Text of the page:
GRAETTINGER, Iowa (AP) — Environmental experts were checking for ethanol leaks Friday after a freight train derailed and burst into flames as it crossed a trestle bridge over a northwest Iowa creek that empties into the Des Moines River.
The derailment happened around 1 a.m. near the small community of Graettinger, about 160 miles northwest of Des Moines, the Palo Alto County Sheriff's Office said in a news release. It said two crew members escaped unharmed and no injuries have been reported. Officials asked area residents to evacuate, although they acknowledged that no one appeared to live within a half mile of the rural site.
Palo Alto County emergency management director Mark Hunefeld said at least 27 of 101 cars derailed. Several of the cars were still burning at noon and officials plan to let the fire burn itself out, although that decision will be reviewed later Friday afternoon, Hunefeld said.
Railroad personnel were able to unhitch 74 loaded tankers and move them away from the site.
Iowa Natural Resources Department field office supervisor Ken Hessenius said he doesn't yet know whether any ethanol leaked into Jack Creek. Each tanker carries about 25,000 gallons.
Ethanol is water-soluble, will quickly disperse through surface water and can reduce oxygen content to the point of producing fish kills. The threat to drinking water depends on concentration, experts say.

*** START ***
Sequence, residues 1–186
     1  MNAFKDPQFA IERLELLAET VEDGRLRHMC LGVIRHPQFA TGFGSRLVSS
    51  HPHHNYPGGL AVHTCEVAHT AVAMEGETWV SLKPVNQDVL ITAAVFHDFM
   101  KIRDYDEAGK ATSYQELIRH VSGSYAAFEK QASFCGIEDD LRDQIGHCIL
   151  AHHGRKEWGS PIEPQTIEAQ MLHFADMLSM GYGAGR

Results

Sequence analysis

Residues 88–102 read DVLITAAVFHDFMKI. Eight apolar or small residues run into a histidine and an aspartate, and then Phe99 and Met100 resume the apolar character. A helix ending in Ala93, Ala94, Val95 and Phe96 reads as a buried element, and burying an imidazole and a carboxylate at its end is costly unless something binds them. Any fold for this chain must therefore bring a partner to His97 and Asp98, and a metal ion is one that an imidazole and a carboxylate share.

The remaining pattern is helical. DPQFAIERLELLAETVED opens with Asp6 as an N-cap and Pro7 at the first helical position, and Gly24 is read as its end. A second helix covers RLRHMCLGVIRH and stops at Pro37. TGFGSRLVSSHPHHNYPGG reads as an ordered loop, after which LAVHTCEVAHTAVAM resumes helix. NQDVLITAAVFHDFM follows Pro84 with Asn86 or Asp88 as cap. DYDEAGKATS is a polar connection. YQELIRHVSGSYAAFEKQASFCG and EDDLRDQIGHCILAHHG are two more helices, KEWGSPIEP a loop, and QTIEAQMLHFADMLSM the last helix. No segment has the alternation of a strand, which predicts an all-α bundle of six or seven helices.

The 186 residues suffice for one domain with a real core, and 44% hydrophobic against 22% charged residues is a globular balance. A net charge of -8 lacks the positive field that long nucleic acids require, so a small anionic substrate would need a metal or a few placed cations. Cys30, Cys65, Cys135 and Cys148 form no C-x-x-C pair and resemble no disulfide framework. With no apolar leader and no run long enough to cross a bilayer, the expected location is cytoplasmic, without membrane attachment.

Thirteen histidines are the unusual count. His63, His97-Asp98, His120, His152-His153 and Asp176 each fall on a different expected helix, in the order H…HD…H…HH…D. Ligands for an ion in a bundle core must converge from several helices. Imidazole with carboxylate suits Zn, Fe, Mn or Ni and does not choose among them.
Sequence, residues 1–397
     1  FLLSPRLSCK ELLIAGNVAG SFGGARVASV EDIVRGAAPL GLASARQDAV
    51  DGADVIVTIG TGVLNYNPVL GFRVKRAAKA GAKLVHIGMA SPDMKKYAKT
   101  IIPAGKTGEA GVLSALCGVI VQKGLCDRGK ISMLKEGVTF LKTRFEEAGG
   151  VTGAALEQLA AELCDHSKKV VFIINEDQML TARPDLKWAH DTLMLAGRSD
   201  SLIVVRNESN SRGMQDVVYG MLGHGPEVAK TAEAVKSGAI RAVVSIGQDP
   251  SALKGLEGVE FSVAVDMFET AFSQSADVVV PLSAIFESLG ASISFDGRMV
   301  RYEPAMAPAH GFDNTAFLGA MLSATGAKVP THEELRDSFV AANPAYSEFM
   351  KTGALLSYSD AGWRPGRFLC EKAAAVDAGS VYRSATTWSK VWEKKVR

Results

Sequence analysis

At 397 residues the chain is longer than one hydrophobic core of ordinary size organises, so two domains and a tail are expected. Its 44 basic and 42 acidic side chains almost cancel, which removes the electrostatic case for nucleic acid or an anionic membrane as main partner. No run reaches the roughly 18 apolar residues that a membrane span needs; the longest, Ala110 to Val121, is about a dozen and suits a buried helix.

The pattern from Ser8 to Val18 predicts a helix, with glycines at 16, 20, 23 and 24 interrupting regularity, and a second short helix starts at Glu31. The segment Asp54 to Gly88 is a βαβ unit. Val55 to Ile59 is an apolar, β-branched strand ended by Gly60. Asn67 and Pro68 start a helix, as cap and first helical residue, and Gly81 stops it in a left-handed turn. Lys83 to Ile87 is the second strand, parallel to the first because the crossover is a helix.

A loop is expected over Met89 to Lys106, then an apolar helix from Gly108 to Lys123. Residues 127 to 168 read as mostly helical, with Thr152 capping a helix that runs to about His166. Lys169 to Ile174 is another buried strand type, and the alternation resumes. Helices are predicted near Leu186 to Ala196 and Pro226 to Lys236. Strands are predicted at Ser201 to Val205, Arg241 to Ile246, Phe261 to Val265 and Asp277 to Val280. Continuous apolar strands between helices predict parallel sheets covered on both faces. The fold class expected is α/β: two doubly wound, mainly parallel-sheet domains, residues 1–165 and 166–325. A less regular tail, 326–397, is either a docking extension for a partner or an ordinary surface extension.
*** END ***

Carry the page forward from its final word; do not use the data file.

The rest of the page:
Sasha Forsen, spokeswoman for Green Plains Inc. in Omaha, Nebraska, said the tanks had been filled with ethanol at the company's plant in Superior, Iowa. She declined to say where the shipment was heading.
Raquel Espinoza, a spokeswoman for Union Pacific, confirmed that the train was operated by that railroad company, but she declined to say more, referring questions to the National Transportation Safety Board.
NTSB spokesman Keith Holloway said agency investigators would be at the derailment site to determine the cause of the accident Friday afternoon.
Ethanol is an alcohol-based fuel additive that is highly flammable when exposed to air and an ignition source, such as a flame or spark.
A news release from the NTSB said initial reports indicated the rail cars that derailed Friday are older, less sturdy tanks. The government has ordered that such tanks be either retrofitted to higher standards or taken out of commission by 2029. The rail tanker standards were changed in 2015.
There have been at least seven significant accidents involving trains hauling ethanol since 2006 that released a combined 2 million gallons of the fuel. Among them was a July 2009 accident in Cherry Valley, Illinois, that killed a woman and injured nine people, including two firefighters, when a Canadian National Railway Co. train derailed at a highway crossing and burst into flames.